You know, an opportunity for a two-week pause that this resolution provides is disappearing with each passing day. And so are the opportunities to try to turn that two-week pause, as is suggested in the resolution, into something that is more lasting. The U.S. refused to allow the word “permanent,” but something more lasting. So the pressure is going to have to come from elsewhere. It’s not going to come from these key pressure points. It’s going to have to come from civil society. It’s going to have to come from private actors. And again, as I said before, it’s going to have to come from all of us.

JUAN GONZÁLEZ: And, Craig Mokhiber, I wanted to ask you — there’s been, for years now, efforts to restructure the United Nations, especially the Security Council, precisely because of the overwhelming power that the old European major powers exercised over the Security Council. Do you think that this war and the inability of the U.N. to act to end it will now further fuel the move to reform the U.N.?

CRAIG MOKHIBER: Well, one can hope, Juan, I have to say. I mean, I think what this genocide has done is it has revealed the weaknesses, the political compromises, the moral failings of the United Nations and other international institutions. It has shown itself to be wholly inadequate, wholly unable to respond to a genocide being committed with Western sponsorship, with the sponsorship of powerful Western states. If this were happening in a developing country in Africa or Asia, you would see a very different response. But when the perpetators, the co-perpetrators are the United States, the United Kingdom, European powers, the United Nations has shown itself unable to act.

You see that even in the language of the Security Council resolution. We’re talking about a situation of massive war crimes, crimes against humanity, ethnic cleansing and genocide. Because the Security Council is not set up to deal effectively with that, especially when one of its permanent members or two of its permanent members, at least, are implicated in that genocide, it’s forced to dust off language about conflict as if this were a war between two states rather than a campaign of annihilation by a heavily armed occupying power against a besieged civilian population. And that is not going to get the job done. You get a resolution that calls for a ceasefire — even ceasefire language is not appropriate to a genocide, as the World Court itself has determined — and you get, you know, no language in here that condemns the perpetrators, that moves for accountability of perpetrators, that deals with the deployment of protection of the exposed civilian population, none of the things that would actually make a difference.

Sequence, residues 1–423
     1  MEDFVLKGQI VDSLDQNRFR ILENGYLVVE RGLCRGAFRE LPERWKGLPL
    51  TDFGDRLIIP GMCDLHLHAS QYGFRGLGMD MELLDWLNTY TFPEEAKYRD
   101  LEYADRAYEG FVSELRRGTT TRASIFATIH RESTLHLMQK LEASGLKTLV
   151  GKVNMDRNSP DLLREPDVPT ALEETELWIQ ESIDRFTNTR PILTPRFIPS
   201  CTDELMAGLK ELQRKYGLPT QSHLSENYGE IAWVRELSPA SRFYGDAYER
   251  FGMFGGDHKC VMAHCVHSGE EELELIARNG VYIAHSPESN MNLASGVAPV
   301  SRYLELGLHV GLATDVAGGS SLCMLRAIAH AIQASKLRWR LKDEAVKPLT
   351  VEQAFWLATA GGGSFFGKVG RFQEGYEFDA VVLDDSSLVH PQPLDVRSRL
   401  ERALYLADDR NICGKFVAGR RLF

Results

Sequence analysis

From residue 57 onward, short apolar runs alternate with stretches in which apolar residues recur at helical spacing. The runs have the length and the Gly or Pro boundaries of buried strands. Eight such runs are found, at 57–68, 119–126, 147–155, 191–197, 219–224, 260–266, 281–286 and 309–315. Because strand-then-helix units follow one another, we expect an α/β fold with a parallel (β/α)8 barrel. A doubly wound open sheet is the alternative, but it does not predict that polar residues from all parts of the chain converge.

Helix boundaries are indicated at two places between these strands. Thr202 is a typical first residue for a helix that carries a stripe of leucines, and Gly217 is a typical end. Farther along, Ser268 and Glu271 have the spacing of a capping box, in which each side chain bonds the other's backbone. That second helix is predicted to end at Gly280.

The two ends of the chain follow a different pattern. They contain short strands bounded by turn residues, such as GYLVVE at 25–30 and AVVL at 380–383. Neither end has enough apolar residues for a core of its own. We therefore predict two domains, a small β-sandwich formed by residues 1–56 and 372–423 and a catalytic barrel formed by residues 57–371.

And it’s not just the Security Council. The political offices of the United Nations that have been set up to deal with issues like genocide, like sexual violence, like children in armed conflict, they have all failed miserably, because they are politically compromised, politically controlled. Unlike the independent human rights mechanisms, that have done a terrific job, and the humanitarian aid workers, that have done a terrific job in the U.N. system, these political offices and intergovernmental bodies have shown themselves to be wholly ineffective.

So it certainly has increased the demand for reform. Whether there will be a willingness amongst the member states, and in particular amongst the P5, the most powerful member states of the United Nations, who sit with special rights on the Security Council, in a mechanism that belongs in a Cold War museum, their lack of political will for change is what obstructs this. I still believe that demand from the ground can make a change. We saw it happen with apartheid in South Africa. We can see it happen, as well, if we work for it, for reforms in the U.N., which I think have to happen — we need the United Nations — and, on the other hand, for action against Israel’s genocide.

AMY GOODMAN: Craig Mokhiber, we just have 30 seconds, but the question of U.S. stopping military sales to Israel, an issue that certainly Senator Bernie Sanders, Senator Merkley and others have called for, do you think that would make a difference?

CRAIG MOKHIBER: Well, it would make a tremendous difference, as I’ve said before. The United States is not just tolerating this genocide. It is, in legal terms, complicit in the genocide because of its provision of military support, of weapons, of economic support, of diplomatic cover, of intelligence support, and of, as I’ve said, the use of its official podiums to disseminate propaganda for genocide on behalf of the Israelis. Any piece of that puzzle that is removed, and especially discontinuing the provision of military aid during the commission of war crimes, crimes against humanity and genocide, will make a very significant change and, in fact, a much more significant change than any international resolution could hope to make.